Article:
Liza Sokolovskaya is a Brooklyn based painter and printmaker. She was born on a hot summer day in Tashkent only to end up in cold and snowy Montreal almost a decade later. Nowadays you can find her in her shared studio in Sunset Park, making a mess while her studio mate isn’t looking.
She received her BFA from Concordia University and her MFA from the New York Academy of Art.
She works with oil, watercolor, pastels, acrylic and has taken up weaving in order to satisfy her curiosity and love for materials. Her interest in understanding these materials guide her art making which is full of trial and error.
My practice revolves around questions of the self. In my mind the world and people around me have defined roles, forms, qualities. I, on the other hand, feel amorphous and undefined. Nothing seems to be set in stone with me, not my moods, not my desires, not my feelings, not even my face and body. They change by the minute. I feel like the shaky line of an old school animation, like the blurry shape behind a matte window.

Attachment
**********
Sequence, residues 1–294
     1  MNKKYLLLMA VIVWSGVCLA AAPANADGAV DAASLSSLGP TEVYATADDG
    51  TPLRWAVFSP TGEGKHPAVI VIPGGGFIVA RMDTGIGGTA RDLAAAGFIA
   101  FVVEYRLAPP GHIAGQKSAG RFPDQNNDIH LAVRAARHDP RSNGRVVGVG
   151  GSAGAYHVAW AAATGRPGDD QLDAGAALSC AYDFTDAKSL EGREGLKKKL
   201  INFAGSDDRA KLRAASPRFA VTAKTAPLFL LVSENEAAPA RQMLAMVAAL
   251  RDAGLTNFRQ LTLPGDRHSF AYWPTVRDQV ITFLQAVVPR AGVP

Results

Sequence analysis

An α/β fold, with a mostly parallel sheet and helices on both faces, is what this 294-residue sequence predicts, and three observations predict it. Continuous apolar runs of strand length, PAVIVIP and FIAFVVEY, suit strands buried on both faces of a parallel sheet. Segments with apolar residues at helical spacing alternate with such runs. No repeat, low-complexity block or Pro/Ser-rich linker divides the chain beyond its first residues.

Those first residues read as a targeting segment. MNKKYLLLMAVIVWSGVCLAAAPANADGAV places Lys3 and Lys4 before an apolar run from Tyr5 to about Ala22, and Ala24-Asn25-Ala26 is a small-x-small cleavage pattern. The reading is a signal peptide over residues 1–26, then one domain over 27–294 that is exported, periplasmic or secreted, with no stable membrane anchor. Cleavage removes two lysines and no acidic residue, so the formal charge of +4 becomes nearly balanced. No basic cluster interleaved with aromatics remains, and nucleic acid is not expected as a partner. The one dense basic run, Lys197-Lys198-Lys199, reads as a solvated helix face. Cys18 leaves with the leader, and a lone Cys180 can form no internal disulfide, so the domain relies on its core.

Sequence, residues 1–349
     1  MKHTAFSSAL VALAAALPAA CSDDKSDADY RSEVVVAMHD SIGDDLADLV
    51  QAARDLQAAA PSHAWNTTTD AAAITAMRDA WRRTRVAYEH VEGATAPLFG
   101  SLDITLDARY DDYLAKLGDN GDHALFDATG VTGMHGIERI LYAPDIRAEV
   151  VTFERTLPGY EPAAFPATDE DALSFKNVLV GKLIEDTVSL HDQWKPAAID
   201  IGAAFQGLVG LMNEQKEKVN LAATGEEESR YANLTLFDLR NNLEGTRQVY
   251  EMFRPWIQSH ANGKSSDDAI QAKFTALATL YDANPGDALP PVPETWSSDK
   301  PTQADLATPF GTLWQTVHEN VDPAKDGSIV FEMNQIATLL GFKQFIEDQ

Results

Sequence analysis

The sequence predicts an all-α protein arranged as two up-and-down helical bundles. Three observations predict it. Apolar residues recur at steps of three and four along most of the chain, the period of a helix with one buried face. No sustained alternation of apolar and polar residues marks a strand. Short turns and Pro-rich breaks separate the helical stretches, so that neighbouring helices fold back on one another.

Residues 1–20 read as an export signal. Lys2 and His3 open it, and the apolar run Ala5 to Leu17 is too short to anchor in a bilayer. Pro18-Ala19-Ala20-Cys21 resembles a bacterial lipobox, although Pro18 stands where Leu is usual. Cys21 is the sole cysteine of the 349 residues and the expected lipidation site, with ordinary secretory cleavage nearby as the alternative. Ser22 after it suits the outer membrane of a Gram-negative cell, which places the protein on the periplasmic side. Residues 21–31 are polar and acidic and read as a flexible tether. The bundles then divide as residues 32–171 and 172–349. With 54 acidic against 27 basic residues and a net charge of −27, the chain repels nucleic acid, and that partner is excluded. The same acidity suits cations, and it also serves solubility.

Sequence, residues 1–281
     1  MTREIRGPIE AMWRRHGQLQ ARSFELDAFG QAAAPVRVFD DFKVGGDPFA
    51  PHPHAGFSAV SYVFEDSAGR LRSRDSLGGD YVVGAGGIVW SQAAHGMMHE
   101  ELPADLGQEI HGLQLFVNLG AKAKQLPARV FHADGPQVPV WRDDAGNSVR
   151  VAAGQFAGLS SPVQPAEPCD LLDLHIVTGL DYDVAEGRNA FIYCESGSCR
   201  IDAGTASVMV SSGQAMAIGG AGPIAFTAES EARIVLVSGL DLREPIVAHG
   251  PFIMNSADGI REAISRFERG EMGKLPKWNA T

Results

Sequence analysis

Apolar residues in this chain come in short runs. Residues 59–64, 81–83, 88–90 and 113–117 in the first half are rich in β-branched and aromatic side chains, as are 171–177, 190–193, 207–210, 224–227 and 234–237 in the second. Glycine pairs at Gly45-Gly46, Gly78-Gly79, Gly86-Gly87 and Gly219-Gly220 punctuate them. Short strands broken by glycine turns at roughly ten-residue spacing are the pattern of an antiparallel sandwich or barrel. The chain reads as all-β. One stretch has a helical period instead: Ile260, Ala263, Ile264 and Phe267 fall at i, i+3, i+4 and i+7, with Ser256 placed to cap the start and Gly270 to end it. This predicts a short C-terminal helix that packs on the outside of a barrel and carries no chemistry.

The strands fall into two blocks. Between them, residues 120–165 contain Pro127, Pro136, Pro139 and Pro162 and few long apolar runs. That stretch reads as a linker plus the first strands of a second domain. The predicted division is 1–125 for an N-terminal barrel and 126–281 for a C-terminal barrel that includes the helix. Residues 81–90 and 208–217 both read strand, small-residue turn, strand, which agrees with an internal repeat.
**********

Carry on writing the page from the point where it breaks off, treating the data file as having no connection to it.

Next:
Making art allows me to freeze a moment in time, focus on it. Suddenly I gain definition, and my edges become sharp. This is one mood, that is one feeling, there is one need.
The limitations of painting make me anxious. How can an all encompassing creature be translated in one medium. Within me lives a multitude of other beings, bacteria, viruses, mites, thoughts of my mother, moods of my father, little Liza and old Liza. They make me but neither are the current me. They all need a different medium to live outside this body, be seen outside this body.
I weave my flesh, embroider my skin, paint my moods, draw my faces. All that to extract the facets that are inside and have them visible. Speaking in their mother tongue of string, beads, pastels and acrylic skins.